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Early but no long-term benefit of regional compared with general anesthesia for ambulatory hand surgery.

Early but no long-term benefit of regional compared with general anesthesia for ambulatory hand surgery.

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Title: Early but no long-term benefit of regional compared with general anesthesia for ambulatory hand surgery.
Author: McCartney, Colin JL
Brull, Richard
Chan, Vincent W. S.
Katz, Joel
Abbas, Sherif
Graham, Brent
Nova, Hugo
Rawson, Regan
Anastakis, Dimitri
von Schroeder, Herbert
Abstract: Background: The purpose of this study was to determine whether either regional anesthesia (RA) or general anesthesia (GA) provided the best analgesia with the fewest adverse effects up to 2 weeks after ambulatory hand surgery. Methods: Patients undergoing ambulatory hand surgery were randomly assigned to RA (axillary brachial plexus block; n = 50) or GA (n = 50). Before surgery, all patients rated their hand pain (visual analog scale) and pain-related disability (Pain-Disability Index). After surgery, eligibility for bypassing the postanesthesia care unit ("fast track") was determined, and pain, adverse effects, and home-readiness scores were measured. On postoperative days 1, 7, and 14, patients documented their pain, opioid consumption, adverse effects, Pain-Disability Index, and satisfaction. Results: More RA patients were fast-track eligible (P < 0.001), whereas duration of stay in the postanesthesia care unit was shorter in the RA group (P < 0.001). Time to first analgesic request was longer in the RA group (P < 0.001), and opioid consumption was reduced before discharge (P < 0.001). In the RA group, the pain ratings measured at 30, 60, 90, and 120 min after surgery were lower (P < 0.001), and patients spent less time in the hospital after surgery (P < 0.001). More GA patients experienced nausea/ vomiting during recovery in the hospital (P < 0.05). However, on postoperative days 1, 7, and 14, there were no differences in pain, opioid consumption, adverse effects, Pain-Disability Index, or satisfaction. Conclusions: Despite significant reduction in pain before discharge from the hospital after ambulatory hand surgery, singleshot axillary brachial plexus block does not reduce pain at home on postoperative day 1 or up to 14 days after surgery when compared with GA. However, RA does provide other significant early benefits, including reduction in nausea and faster discharge from the hospital.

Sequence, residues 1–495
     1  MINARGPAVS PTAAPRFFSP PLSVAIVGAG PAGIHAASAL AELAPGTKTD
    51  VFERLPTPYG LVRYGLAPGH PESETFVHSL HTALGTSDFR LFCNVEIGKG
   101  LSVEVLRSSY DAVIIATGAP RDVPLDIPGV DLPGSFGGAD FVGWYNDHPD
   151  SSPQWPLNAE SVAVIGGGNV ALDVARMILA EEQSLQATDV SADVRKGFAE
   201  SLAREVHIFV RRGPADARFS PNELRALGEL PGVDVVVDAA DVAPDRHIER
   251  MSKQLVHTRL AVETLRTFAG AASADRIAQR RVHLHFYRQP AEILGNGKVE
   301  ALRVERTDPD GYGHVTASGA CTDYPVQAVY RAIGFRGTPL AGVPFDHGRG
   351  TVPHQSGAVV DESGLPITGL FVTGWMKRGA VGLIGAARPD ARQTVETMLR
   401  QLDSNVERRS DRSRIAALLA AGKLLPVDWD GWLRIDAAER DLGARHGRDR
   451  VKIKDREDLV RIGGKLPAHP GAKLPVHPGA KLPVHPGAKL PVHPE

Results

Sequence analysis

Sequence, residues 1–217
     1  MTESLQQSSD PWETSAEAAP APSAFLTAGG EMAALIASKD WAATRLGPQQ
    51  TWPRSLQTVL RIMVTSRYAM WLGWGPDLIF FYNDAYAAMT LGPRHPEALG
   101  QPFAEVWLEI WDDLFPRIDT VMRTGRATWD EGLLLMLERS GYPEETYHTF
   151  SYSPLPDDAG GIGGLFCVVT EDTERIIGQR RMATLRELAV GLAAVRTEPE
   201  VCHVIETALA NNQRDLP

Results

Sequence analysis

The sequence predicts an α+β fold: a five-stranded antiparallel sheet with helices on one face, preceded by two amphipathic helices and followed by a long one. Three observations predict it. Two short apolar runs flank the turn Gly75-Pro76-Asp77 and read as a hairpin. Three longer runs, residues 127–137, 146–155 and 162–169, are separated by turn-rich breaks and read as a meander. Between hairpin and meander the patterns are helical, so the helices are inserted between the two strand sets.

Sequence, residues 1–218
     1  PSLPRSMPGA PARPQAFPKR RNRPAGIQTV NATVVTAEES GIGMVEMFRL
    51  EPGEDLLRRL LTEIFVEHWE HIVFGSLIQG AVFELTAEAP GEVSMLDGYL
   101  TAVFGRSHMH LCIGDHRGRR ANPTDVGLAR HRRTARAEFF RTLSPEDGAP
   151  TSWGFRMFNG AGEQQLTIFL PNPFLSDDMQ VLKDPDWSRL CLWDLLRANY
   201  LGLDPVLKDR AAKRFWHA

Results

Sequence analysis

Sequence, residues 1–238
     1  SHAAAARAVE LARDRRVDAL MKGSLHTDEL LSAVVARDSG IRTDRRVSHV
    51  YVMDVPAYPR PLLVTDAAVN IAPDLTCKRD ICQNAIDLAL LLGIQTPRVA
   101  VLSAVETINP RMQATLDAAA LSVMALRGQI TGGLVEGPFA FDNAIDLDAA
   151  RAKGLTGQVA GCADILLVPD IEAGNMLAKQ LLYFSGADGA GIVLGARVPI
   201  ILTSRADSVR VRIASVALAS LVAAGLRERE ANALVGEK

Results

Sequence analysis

Type: Article
Rights: http://journals.lww.com/anesthesiology/pages/articleviewer.aspx?year=2004&issue=08000&article=00028&type=abstract
http://journals.lww.com/co-anesthesiology/pages/default.aspx
http://www.lww.com
URI: http://hdl.handle.net/10315/26532
Published: Lippincott, Williams & Wilkins
Citation: Anesthesiology. 2004 Aug;101(2):461-7.
ISSN: ISSN: 0003-3022, ESSN: 1528-1175
Date: 2004-08

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